This week, TINA.org sent a formal complaint to the FTC asking them to re-open their investigation of CTCA. They also sent notices to 42 cancer centers warning them that using atypical testimonials is illegal.

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Business Marketing

What the YETI “cult” can teach you about marketing success

YETI has built a cult following for their 300 dollar cooler. Confused? Don’t be. This story isn’t rocket science; just good old fashioned product innovation and saavy marketing at their finest.

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The rise of YETI

Here at The American Genius, we feel the term “cult” gets a bad name. In fact, we find it beautiful. It’s the product of keeping promises and delivering remarkable experiences to consumers time and time again until they have no choice but to love a product or service unconditionally. That’s not just gold for your business, but it’s a grand human experience to build a relationship founded on trust and loyalty (and a leeeeeetle bit of fanaticism).

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We’ve written about cult followings before, like the Crossfit craze. However, we can understand if you’re a bit skeptical when we tell you that a company making coolers is cultivating a similar craze amongst consumers. However, the facts don’t lie. In six years, YETI sales grew from $9 million to $450 million. Sales are so strong, they can barely keep certain products in stock.

All this over a 300 dollar cooler. Yep, 300 dollars for something you usually pick up for no more than 50 bucks at any no-name Walmart.

Confused? Don’t be. This story isn’t rocket science; just good old fashioned product innovation and saavy marketing at their finest:

YETI didn’t just make a better cooler; they made a luxury product

Those janky, $50 Walmart coolers don’t cost much for a reason; their functionality is a bit limited. So, there’s plenty to improve on. But a Yeti Cooler isn’t just an improvement; it’s damn near perfect.

It’s practically indestructible. So indestructible that it’s grizzly proof. It also keeps ice frozen for a long-time. Long enough that you will still have ice after a long weekend trip in many cases. Combine those things together, and it’s not hard to believe that when a fire engulfed a vehicle, the YETI Cooler and the ice inside it survived the inferno.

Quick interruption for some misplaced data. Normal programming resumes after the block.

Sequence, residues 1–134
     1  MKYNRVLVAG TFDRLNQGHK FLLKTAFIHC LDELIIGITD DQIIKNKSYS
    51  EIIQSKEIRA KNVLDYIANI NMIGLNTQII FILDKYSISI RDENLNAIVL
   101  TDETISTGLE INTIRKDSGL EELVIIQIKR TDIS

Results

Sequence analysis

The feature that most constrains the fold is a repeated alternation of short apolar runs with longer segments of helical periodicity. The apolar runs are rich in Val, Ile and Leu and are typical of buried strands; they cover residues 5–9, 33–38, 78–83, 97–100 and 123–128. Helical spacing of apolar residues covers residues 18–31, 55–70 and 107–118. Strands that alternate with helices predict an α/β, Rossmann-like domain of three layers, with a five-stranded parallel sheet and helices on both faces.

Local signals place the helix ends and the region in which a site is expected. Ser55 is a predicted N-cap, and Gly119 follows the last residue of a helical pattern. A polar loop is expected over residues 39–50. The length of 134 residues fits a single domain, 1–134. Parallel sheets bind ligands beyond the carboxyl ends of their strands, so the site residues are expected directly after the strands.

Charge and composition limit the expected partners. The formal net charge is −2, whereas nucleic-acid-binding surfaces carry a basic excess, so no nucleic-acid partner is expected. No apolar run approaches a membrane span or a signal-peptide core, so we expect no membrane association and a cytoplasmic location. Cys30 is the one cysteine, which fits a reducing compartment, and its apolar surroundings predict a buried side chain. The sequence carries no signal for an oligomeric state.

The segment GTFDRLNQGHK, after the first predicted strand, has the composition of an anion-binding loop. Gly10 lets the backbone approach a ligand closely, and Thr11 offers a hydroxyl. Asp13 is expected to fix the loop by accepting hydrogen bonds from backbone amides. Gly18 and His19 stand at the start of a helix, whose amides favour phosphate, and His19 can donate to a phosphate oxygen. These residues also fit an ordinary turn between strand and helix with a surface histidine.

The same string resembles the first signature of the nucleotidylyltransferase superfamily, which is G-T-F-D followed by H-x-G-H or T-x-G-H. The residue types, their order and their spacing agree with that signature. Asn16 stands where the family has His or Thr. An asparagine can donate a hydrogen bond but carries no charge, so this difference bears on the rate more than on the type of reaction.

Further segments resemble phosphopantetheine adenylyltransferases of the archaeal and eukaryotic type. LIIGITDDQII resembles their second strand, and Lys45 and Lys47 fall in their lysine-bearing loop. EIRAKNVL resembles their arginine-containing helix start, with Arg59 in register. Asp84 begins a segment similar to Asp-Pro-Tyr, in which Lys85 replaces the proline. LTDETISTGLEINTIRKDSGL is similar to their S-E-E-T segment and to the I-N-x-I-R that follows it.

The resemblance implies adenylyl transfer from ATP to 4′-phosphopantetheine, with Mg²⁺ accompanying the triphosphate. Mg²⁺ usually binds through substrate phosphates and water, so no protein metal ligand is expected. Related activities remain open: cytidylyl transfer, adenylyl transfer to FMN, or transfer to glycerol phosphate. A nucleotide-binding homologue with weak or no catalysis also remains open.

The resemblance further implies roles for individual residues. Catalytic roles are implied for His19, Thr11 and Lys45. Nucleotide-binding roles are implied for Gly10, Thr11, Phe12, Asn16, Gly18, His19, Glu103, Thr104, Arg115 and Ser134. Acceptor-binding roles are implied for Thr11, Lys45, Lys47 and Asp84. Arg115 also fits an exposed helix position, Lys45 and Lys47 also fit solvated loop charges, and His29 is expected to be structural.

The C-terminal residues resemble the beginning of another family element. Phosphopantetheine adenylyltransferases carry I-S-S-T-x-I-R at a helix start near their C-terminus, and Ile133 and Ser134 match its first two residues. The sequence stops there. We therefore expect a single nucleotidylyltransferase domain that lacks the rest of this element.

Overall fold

Excessive? For most, maybe. However, there’s a beauty in its utilitarian luxury. And they have expanded this utilitarian luxury beyond coolers to products ranging from tumblers to soft-side coolers to bottle openers.

It’s not uncommon to find brands that succeed on a platform of relentless perfection of their product; Apple, Harley Davidson and Ferrari come to mind. Consumer trust in the quality of the product, be it durability or user-friendliness, forms a strong foundation for a relationship with your customers. Here, Austin-based YETI is no different, and more than ever, it’s necessary to be remarkable to achieve the business success you want.

Marketing to aspirations

YETI Cooler’s marketing focuses intently on the ideal outdoorsy lifestyle, and it has kept that focus throughout the product’s lifetime.

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“The aspirational use and the actual use don’t always have to be the same thing,” said YETI’s VP of Marketing Corey Maynard. “We want our communication to stay as absolutely authentic to the hardcore user from the hardcore user as we possibly can.”

Influencers aren’t just Instagram yoga girls

From the beginning, YETI has marketed the cooler to people like the founders; passionate and respected outdoorsmen whose passions drove them to own the latest and greatest gear.  To do this, they hired influential guides and fisherman as brand ambassadors. They also sponsored programming on hunting and fishing TV stations. All of these early efforts earned the trust and recommendation of “influencers” and “prosumers.”

“Those commercials didn’t reach millions of people, but the people that they did reach were the most serious hunters and fisherman,” Maynard said. “So it would reach 100,000 or so hardcore hunters and fishermen who would be the person within their circle of friends who their buddies would ask about the latest gear.”

When they did land the sale, YETI made sure they could advertise that too. In the beginning, the company handed out stickers and hats with each cooler sale as a way to kick start conversations about the brand.

All of these factors created a “grassroots marketing goldmine,” where word-of-mouth made a lot of difference. That, combined with the aspirational messaging, creates a tribe where consumers feel included as a part of something bigger than themselves. So, as you go about marketing your business, consider these key concepts in your model. It could be just what you need to take your business to the next level.

This story was first published on May 6, 2016.